Cover image for Cal Rodgers and the Vin Fiz : the first transcontinental flight
Cal Rodgers and the Vin Fiz : the first transcontinental flight
Lebow, Eileen F.
Personal Author:
Publication Information:
Washington : Smithsonian Institution Press, [1989]
Physical Description:
x, 275 pages : illustrations ; 24 cm
Personal Subject:
Format :


Call Number
Material Type
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Item Holds
TL721.R54 L43 1989 Adult Non-Fiction Central Closed Stacks

On Order



An account of Rodgers' 49 day flight from the Atlantic (Sheepshead Bay, NY) to the Pacific (Pasadena) in 1911. A good story, well illustrated, with a tragic ending. Annotation(c) 2003 Book News, Inc., Portland, OR (

Reviews 4

Booklist Review

This is the story of the first coast-to-coast flight, made 16 years before Lindbergh took on the Atlantic. Daredevil Calbraith Perry Rodgers, a descendant of the illustrious Perry family, flew a "bicycle" plane (no cockpit, no windshield) across the country in the autumn of 1911. (It was one day and a few miles at a time.) A railroad train trailed him, outfitted with a hangar car, a mechanic, and an automobile to fetch him at the end of each day's flight. Rodgers' accomplishment has generally been overlooked, the author points out, possibly because of his untimely death shortly after he reached California. --Cynthia Ogorek

Publisher's Weekly Review

In quest of a $50,000 prize offered by William Randolph Hearst for a successful flight across the U.S., Cal Rodgers left New York on Sept. 17, 1911. Flying a plane built by the Wright brothers, and sponsored in his voyage by the Armour Company of Chicago (then introducing a new soft drink, ``vin fiz''), he arrived in California on Nov. 5, missing out on the prize because he exceeded Hearst's time limit. But Rodgers's was the first successful transcontinental flight, traveled at about 60 miles an hour. This lively, informative look at flying just eight years after Kitty Hawk recreates both the fragility of the machine and the courage of its pilot. Since no reliable maps existed for aviators, Rodgers relied on railroad lines to guide him, and experienced two dozen breakdowns along the way. He was killed in a plane crash less than six months after his historic flight. Illustrated. (Nov.) (c) Copyright PWxyz, LLC. All rights reserved

Library Journal Review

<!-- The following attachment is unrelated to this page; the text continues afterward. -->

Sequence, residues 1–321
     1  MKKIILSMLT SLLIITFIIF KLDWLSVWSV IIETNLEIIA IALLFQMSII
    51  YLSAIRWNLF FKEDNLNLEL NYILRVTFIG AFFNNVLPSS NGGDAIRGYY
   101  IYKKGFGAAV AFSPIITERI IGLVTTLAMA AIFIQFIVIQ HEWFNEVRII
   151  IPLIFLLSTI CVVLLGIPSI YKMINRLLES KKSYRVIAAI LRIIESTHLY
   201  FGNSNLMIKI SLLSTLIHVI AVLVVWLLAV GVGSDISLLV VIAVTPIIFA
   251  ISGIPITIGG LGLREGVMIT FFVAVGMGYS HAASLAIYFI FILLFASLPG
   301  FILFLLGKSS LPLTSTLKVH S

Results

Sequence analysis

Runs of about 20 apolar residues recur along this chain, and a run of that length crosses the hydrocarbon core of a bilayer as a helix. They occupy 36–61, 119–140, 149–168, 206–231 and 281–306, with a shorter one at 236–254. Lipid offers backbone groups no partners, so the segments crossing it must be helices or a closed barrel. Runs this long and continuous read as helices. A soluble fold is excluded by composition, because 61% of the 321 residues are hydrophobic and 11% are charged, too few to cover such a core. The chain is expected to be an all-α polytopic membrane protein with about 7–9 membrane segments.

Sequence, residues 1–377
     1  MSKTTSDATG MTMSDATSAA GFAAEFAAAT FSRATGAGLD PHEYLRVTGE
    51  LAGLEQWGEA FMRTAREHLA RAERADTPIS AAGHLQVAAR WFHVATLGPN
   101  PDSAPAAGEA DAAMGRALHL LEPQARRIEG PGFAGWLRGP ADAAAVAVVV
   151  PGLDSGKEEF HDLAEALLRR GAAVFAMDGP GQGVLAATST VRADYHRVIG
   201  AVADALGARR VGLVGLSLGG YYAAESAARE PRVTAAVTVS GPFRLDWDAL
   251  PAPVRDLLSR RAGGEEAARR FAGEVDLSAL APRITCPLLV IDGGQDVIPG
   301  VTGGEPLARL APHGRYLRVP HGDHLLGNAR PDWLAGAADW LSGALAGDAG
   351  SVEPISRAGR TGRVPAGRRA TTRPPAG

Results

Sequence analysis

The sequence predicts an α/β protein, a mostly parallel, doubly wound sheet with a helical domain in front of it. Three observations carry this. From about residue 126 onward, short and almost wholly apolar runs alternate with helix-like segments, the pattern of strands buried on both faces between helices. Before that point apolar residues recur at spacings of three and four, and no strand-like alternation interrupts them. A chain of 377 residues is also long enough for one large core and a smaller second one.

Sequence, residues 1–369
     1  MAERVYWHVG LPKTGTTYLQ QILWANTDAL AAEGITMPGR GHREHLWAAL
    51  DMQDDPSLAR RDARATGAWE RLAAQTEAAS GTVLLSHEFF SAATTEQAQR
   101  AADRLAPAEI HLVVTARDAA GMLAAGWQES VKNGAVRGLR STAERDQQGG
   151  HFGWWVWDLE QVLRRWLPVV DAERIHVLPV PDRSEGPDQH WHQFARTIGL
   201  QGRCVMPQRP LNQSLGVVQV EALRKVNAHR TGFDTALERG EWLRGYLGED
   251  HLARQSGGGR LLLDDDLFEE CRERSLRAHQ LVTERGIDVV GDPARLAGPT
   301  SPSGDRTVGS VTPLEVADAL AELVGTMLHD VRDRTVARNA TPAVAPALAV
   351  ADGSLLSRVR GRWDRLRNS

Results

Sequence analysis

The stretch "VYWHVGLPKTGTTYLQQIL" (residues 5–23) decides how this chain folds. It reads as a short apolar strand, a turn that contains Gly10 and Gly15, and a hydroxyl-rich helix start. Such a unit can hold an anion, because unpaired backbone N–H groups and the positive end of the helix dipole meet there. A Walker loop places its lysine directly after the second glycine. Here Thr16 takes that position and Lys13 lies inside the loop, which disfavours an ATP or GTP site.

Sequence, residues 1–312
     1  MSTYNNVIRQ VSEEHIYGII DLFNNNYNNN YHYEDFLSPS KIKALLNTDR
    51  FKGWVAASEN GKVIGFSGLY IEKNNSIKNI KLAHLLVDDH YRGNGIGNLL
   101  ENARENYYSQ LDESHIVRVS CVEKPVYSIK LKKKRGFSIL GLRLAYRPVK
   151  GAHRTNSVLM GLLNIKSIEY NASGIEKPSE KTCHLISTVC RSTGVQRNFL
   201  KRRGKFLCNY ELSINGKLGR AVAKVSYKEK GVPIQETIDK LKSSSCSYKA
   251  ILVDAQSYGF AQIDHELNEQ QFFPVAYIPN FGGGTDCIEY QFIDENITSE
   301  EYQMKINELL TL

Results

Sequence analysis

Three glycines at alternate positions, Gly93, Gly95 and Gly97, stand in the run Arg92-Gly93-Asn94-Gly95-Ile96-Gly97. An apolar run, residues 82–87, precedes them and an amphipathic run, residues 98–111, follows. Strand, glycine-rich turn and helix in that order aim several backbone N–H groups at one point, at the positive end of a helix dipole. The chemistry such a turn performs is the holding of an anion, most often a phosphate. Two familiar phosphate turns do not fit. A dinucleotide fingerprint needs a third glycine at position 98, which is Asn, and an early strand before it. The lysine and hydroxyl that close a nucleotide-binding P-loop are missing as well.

In 1911, Rodgers became the first person to fly from one American coast to the other. Because he was accompanied by a small train carrying a machine shop and spare parts, and because it took him a total of 49 days--punctuated by dozens of crashes--the flight has often been dismissed. To be sure, it was part of a $50,000 contest, and the plane's name (Vin Fizz) was taken from a soft drink sold by its sponsor, the Armour Company, but it was the first transcontinental flight, and it stirred intense interest along its route. Lebow has done a nice job of putting the flight in the context of air meets and the awkward years of early flying, and there is a lot of colorful information. Research is admirable, using untapped family correspondence and photos. Well done.-- Roger E. Bilstein, Univ. of Houston-Clear Lake (c) Copyright 2010. Library Journals LLC, a wholly owned subsidiary of Media Source, Inc. No redistribution permitted.

Choice Review

Calbraith Rodgers, the first man to fly across the US from coast to coast, is among the many aviation pioneers who have been neglected in the pages of history. This oversight is corrected in Lebow's carefully written book about the man and his flight in the Vin Fiz in 1911. The work is based mainly upon manuscript collections and contemporary accounts. Rodgers's extraordinary courage matched his extraordinary determination. The plane (named for a grape soft drink made by the Armour Company, sponsor of the flight) took off from Sheepshead Bay, New York, and landed in Pasadena, California, 49 days later. The frail plane, built only eight years after the first powered flight at Kitty Hawk, left the pilot completely exposed to all the elements. The mishaps on this adventure were plentiful and at times it appeared as though the flight were nothing more than a series of crashes. The total miles flown were 4,231 (a long distance record), the time in the air was three days, and the rate of speed was 51.59 miles an hour. Rodgers finally receives the recognition he deserves in this well-produced book, which has several fine illustrations, footnotes, and index. Public, community college, and undergraduate libraries. -E. A. McKay, University of South Carolina at Aiken